One Of This Month's Featured Families!
Unilateral Cleft Lip and Palate
Just recently, I attempted to experiment with my new Kodak digital camera so that I could take an old photograph and "reproduce" it so to speak. This old picture has great sentimental value to me, but in its original form is becoming tattered and worn looking. My attempts with the local copier at the bookstore wasn't time consuming but did not yield favorable results and having a reprint made without the negative wouldn't be possible either. Why? This picture is the only one of me that was taken prior to any
surgery that was done. I am not "embarrassed" by or uncomfortable with this picture,
although it is infrequently shared with others.
While trying to combine the new technology of digital photography and computer imaging software, I had a chance to reflect on just what had happened during those
40 years. Just how exactly did that little girl of six weeks of age become this young adult woman? Seeing the "me" of 1962 certainly made me appreciate the "me" of 2002 and all the steps in between. That picture is symbolic to me in other ways as well. That infant in the picture was growing as a response to the love and sense of security that was offered at home. She was nothing but an ordinary little girl with a few medical concerns or obstacles that had to be dealt with.
I had my lip closed shortly after that unique picture was taken. Obviously, I don't recall those early events other than what has been shared with me by my parents. From what has been shared with me, I know that those experiences were not pleasant ones . For example, my crib was placed in the back of the nursery, presumably so as not to frighten the overjoyed visitors who came to visit the other newborns. At first the nurses didn't know how to feed me. When it came time for my first surgery, I can't imagine which was more frightening to my parents. Was it the surgery, or that they had to totally surrender me to the hospital staff for 10 days? Back then parents were not allowed to visit while their child was in the hospital.
My palate was closed at age two and a half, but I don't have any memories of that surgery. I had a hernia operation at age 5 and that is when I started having memories
of my hospital stays. Once I entered kindergarten, another whole "era" started. Attending school added a new dimension to my life as it meant venturing between the "haven" that was acceptance at home and finding my place among my peers. Elementary school gave me my first introduction to the fact that I was a bit different from the other children. And in middle school any difference - real or imagined were important to both myself and others. Having a nose that really was "flat" didn't help me blend in with crowd. It is hard to convince others that you are the same as they are, while you look different. At school I was "hose nose", while, in my house, I was just "me". Finding the middle ground was not an easy accomplishment.
Around the eighth grade, my life started to focus around having surgeries again. From then until the end of my senior year in high school, I had surgery at almost every vacation break. Some of these operations were not strictly related to my cleft lip and palate. Those that were included surgeries on my nose, tongue, a pharyngeal flap, and a lower jaw reduction. From early childhood until the end of high school there were years of speech therapy and braces. Of all these, experiences, I think that the most important one was the nose surgery, because that created the biggest change in my appearance. My least favorite one was the lower jaw reduction for several reasons. The night before the surgery was spent in the terminal cancer unit because that's where the "bed" was located. After this surgery, I was in the newborn/neonatal intensive care unit overnight where my nearest roommate was a three month old infant who was dying from cirrhosis of the liver. One of my funniest memory was from the same surgery - even though I was "supposed" to lose weight - I was actually the first person that my doctors can remember ever gaining 8 pounds with my mouth wired shut. Throughout the years, one of my most treasured friends was my orthodontist. Now he is a great personal friend and my "adopted" grandfather.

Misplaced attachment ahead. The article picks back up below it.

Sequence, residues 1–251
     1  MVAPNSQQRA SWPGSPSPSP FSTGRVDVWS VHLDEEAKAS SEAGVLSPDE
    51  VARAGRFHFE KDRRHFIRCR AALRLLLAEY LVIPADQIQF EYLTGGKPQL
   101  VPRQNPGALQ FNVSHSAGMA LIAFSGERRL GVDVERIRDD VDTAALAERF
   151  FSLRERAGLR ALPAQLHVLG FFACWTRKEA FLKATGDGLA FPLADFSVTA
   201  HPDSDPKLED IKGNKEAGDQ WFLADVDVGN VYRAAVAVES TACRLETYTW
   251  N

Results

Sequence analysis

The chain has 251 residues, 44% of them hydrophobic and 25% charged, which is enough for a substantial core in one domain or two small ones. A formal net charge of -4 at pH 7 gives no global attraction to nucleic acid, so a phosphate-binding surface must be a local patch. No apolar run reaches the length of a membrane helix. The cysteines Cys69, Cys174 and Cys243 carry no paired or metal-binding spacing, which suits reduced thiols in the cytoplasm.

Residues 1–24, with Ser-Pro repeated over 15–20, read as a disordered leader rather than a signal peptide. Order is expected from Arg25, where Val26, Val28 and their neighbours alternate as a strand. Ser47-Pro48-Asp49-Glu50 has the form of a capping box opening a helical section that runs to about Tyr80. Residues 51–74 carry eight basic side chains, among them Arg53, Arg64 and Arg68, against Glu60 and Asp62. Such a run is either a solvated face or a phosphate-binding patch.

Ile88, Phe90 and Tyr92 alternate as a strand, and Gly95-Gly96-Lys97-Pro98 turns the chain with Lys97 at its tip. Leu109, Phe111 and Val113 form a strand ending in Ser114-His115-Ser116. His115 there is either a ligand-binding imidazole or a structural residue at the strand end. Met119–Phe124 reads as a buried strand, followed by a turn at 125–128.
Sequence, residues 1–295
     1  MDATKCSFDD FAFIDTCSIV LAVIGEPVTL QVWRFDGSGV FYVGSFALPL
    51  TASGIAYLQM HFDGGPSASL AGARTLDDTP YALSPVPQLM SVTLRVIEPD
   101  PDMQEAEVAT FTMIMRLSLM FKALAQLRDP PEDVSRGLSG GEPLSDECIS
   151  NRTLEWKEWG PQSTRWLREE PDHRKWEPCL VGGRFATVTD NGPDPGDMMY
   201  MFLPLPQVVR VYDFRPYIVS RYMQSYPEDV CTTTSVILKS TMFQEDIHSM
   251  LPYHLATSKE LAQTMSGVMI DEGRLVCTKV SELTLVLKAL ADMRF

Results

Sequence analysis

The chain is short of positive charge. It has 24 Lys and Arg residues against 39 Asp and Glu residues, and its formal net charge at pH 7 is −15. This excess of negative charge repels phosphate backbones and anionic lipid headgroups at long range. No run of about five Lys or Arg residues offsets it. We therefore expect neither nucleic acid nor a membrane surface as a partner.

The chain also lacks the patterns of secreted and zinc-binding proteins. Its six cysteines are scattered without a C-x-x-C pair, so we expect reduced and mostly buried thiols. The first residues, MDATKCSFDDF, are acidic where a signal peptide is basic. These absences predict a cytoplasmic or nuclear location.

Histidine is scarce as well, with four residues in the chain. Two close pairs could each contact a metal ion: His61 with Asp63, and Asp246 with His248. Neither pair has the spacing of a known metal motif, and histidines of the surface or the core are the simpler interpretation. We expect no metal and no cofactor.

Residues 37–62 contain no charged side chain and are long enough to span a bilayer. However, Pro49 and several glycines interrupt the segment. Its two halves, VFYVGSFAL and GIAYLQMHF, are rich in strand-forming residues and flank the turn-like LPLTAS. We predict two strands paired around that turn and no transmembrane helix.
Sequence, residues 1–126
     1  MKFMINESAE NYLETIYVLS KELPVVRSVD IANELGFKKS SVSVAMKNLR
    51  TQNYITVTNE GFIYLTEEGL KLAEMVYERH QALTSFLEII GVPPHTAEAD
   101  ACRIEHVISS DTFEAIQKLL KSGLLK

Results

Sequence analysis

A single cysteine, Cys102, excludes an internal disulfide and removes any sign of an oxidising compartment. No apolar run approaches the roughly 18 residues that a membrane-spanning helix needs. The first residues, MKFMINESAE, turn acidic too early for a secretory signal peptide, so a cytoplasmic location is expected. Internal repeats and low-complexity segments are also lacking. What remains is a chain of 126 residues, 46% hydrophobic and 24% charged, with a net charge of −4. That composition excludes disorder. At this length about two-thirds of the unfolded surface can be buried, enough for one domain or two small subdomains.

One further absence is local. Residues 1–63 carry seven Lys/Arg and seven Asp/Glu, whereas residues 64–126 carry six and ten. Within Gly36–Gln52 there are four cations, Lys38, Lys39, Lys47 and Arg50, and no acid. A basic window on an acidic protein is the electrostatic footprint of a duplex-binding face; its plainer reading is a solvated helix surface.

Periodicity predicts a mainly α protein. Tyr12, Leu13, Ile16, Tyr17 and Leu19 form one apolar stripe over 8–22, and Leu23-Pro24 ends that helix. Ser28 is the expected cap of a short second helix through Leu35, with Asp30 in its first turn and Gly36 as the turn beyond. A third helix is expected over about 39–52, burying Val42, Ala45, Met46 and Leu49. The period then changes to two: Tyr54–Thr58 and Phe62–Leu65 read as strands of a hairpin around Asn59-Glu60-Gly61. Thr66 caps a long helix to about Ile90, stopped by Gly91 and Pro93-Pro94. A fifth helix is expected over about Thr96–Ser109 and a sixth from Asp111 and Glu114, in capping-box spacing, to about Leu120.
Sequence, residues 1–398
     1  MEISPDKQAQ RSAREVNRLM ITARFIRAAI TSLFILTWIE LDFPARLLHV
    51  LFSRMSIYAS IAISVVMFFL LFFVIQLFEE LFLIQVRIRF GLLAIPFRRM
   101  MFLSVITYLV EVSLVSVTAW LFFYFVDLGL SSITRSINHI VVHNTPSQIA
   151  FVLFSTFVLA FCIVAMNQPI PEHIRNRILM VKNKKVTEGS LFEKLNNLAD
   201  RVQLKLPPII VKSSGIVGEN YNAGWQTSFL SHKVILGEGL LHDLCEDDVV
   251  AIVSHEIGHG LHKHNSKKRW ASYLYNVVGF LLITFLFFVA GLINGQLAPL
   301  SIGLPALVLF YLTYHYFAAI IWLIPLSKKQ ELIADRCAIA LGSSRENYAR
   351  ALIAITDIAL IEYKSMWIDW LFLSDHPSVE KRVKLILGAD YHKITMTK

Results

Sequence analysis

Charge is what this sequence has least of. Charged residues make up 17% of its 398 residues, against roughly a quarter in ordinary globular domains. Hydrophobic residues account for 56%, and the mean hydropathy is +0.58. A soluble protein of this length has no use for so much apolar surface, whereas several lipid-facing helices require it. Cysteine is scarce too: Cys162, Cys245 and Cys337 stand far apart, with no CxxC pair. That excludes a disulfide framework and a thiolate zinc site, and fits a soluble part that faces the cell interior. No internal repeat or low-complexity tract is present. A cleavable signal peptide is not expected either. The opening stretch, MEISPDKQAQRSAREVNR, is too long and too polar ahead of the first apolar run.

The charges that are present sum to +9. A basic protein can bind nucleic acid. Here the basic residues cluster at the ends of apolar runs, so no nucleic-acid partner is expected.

By the time I was 21, I felt that the biggest accomplishment of my life had been achieved. My face finally had the same "normal" appearance that others have had since the moment of birth. Underneath all these outward improvements in my appearance, there were other problems, as well. There had been other differences that I knew about but seldom shared with others. I saw each one of these "differences" as separate incidents of "bad luck". For example, I have normal pressure hydrocephalus (not requiring a shunt). I was a late walker as a child (age 3) and technically have residual cerebral palsy. Luckily those things didn't really show on the outside. With the help of a very good therapist, I began to realize that there are a number of "syndromes" that can feature either cleft lip and or palate as an outside manifestation. Twelve years ago I attended my first National Cleft Palate conference in St. Louis, and started the process of confirming that I did, in fact, have a syndrome. Simply put, my syndrome falls into the category of "midline deformity". Any part of the body that forms in two halves or that originates from the middle has a higher risk of not being properly formed or functioning. Actually this may sound strange, but I felt better knowing that my "differences" came as a "package deal" and not several strokes of misfortune befalling me.
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This cleftAdvocate page was last updated March 25, 2014